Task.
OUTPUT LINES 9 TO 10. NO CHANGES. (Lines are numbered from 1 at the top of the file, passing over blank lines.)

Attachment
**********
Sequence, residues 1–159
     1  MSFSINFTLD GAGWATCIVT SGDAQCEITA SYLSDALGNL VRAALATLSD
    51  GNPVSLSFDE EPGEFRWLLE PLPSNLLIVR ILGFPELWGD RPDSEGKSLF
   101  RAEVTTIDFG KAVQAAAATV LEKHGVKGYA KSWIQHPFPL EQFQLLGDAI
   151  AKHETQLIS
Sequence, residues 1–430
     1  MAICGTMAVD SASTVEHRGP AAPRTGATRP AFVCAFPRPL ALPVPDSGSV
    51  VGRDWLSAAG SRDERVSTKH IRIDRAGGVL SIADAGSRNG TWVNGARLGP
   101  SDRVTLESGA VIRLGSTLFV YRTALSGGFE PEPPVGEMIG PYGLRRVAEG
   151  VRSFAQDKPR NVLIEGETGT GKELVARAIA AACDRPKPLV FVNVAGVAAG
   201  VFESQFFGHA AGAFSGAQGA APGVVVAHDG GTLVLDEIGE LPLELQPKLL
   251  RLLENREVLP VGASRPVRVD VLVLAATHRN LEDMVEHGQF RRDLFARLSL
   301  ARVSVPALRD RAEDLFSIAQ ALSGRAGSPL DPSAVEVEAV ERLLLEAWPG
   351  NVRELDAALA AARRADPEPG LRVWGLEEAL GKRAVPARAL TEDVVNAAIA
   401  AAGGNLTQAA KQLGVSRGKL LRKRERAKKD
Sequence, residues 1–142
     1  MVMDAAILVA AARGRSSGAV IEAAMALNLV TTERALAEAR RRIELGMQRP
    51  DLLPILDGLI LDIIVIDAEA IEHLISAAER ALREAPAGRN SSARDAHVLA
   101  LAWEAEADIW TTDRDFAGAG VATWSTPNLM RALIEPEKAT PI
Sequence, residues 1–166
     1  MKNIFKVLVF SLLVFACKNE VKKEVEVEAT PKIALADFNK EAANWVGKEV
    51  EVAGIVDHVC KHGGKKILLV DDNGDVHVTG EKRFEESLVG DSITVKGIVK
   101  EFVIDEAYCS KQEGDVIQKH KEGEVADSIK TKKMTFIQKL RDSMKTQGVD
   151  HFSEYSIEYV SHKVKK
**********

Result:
   101  SDRVTLESGA VIRLGSTLFV YRTALSGGFE PEPPVGEMIG PYGLRRVAEG
   151  VRSFAQDKPR NVLIEGETGT GKELVARAIA AACDRPKPLV FVNVAGVAAG